However, the mentor should have interpersonal skills to help him or her befriend the mentees. The affiliation between the mentors and the mentees will make it easy for the mentees to seek advice from the mentor in case of any problem. Furthermore, the affiliation will motivate the mentee and make him or her feel a valued member of the delivery team thereby allowing them to actively participate in the events in the clinical area. This will enhance the learning process for the mentees (Ousey, 2009 p. 181). Interpersonal skills will enhance other skills like communication skills.
Mentors need to be team players. Since the mentor will be working with different mentees, he or she needs to know how to make the people work together. It is important that the team in the intensive care unit have the same interest, that is of always saving the life of the patient. This can be inculcated when the mentor has proper team skills. The mentor should be able to design the strong and supportive team in a manner that encourages faster exchange of ideas and information between the team members. Each team member should be assigned responsibilities at different times and the mentor should have adequate supervisory skills to ensure that the responsibilities are performed (Wåhlin, Ek & Idvall, 2010 p. 266).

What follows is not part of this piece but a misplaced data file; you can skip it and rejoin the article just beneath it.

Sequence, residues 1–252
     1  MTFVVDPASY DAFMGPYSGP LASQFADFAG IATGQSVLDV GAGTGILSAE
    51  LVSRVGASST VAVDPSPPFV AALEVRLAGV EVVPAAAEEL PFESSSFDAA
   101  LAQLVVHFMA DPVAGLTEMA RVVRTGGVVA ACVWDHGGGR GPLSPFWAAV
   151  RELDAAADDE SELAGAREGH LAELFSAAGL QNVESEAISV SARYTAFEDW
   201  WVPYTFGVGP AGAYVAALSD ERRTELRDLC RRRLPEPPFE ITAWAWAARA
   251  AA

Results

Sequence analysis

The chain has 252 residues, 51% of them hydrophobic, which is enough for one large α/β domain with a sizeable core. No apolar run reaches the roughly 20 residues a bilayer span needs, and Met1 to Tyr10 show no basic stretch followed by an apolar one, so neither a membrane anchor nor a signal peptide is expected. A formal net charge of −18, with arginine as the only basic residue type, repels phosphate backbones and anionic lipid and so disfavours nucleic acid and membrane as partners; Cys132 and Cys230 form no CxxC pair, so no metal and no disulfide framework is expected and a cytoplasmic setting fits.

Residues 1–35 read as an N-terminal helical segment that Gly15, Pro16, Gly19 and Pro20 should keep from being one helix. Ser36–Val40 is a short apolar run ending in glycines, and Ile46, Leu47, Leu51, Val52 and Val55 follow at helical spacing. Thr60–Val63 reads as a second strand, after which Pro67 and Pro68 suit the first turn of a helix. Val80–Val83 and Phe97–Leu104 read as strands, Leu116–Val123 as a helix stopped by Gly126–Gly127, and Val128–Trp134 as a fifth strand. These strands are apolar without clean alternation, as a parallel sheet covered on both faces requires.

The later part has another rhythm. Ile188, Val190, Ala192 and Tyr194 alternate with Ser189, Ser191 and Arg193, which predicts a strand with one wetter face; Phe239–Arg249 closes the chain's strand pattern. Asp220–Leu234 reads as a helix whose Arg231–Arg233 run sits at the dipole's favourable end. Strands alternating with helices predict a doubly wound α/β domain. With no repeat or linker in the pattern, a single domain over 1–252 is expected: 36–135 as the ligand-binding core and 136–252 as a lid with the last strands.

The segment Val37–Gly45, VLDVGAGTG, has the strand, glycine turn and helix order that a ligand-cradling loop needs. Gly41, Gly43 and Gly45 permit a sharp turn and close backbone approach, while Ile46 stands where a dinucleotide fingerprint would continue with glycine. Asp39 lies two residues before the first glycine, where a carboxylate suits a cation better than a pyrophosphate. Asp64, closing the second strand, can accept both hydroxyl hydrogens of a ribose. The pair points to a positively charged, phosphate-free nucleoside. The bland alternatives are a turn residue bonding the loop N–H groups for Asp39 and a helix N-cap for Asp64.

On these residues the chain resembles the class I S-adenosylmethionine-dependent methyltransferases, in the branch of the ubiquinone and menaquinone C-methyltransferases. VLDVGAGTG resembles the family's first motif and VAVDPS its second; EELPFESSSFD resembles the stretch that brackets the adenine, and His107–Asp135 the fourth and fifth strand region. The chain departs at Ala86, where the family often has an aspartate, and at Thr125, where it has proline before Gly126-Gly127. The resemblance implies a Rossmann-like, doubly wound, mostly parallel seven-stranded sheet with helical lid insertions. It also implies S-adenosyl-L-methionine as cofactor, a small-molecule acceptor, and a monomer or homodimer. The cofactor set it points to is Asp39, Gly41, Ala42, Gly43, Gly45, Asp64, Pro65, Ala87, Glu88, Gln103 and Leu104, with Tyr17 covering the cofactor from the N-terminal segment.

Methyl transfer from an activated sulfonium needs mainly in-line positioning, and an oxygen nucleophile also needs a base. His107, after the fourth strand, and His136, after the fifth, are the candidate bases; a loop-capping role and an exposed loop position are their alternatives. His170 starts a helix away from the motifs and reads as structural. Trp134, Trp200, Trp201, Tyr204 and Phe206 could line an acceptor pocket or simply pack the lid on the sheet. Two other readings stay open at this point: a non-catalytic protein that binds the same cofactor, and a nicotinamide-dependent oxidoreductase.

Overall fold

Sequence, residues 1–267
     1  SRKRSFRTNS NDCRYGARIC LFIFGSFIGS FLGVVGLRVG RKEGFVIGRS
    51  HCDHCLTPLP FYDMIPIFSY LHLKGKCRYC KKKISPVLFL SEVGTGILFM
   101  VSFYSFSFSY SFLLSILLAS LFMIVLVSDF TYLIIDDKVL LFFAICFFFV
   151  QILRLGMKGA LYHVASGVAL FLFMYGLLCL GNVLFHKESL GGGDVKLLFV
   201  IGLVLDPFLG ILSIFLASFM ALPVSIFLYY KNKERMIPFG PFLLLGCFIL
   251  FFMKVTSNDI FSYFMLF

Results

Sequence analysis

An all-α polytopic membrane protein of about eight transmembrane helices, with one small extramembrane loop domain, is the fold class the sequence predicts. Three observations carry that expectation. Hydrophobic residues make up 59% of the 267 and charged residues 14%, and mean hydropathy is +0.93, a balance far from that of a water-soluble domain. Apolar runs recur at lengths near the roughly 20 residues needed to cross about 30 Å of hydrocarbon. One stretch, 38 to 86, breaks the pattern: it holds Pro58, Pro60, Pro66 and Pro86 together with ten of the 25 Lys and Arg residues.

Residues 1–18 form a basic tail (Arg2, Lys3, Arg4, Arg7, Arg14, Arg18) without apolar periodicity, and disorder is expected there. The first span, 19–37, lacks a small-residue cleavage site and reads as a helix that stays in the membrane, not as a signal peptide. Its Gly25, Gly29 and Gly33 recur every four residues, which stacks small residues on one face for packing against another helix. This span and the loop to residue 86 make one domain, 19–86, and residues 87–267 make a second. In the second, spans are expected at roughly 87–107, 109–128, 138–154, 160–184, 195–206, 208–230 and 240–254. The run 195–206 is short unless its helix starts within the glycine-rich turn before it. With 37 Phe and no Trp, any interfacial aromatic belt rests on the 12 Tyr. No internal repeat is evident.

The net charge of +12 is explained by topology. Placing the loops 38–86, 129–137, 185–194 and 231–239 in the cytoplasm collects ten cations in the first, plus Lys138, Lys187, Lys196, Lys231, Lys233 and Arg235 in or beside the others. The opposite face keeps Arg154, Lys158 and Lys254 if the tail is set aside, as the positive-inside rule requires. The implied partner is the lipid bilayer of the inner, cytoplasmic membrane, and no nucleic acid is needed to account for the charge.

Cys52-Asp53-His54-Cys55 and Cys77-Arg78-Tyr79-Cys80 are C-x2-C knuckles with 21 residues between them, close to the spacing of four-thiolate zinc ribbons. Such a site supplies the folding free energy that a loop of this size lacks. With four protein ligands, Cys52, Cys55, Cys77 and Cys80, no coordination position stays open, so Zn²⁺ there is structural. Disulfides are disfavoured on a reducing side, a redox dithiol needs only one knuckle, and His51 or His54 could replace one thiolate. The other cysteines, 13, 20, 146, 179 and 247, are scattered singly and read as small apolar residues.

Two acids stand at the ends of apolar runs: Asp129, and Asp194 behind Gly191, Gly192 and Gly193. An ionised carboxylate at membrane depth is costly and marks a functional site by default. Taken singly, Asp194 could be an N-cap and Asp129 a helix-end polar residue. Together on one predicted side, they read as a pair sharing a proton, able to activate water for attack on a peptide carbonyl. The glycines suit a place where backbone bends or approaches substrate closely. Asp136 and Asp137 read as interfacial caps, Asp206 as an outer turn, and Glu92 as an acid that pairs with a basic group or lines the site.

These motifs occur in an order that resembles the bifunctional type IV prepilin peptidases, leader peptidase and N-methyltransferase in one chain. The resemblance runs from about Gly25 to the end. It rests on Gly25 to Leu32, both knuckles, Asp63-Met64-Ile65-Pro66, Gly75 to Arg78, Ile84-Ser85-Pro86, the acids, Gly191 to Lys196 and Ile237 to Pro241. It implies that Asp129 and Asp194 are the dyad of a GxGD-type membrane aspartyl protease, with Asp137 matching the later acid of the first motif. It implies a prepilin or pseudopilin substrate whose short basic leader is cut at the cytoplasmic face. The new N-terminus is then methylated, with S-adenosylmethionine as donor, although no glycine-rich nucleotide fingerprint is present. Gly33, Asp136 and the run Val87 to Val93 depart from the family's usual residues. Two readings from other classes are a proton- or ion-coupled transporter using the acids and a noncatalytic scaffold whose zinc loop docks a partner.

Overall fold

Mentors are faced with many challenges during their work. Some of the challenges include limited time, double responsibility of handling mentees and patients and high workload depending on the number of mentees that the mentor is assigned. Other challenges may stem from mentors’ limited knowledge on the learning process and the different theories of learning, limited knowledge on assessment methods and lack of ideas on how to generate positive criticisms and feedback (Ali & Panther, 2008 p. 38). The mentors should have the necessary qualities or abilities of surmounting the challenges and ensuring that only positive attributes that are related to their work are highlighted in their practice. In short, the mentors should have the skill of eliminating these challenges because some of the challenges may have an adverse effect on the quality of care delivered in an intensive care environment (Wolak, McCann & Madigan, 2009 p. 65).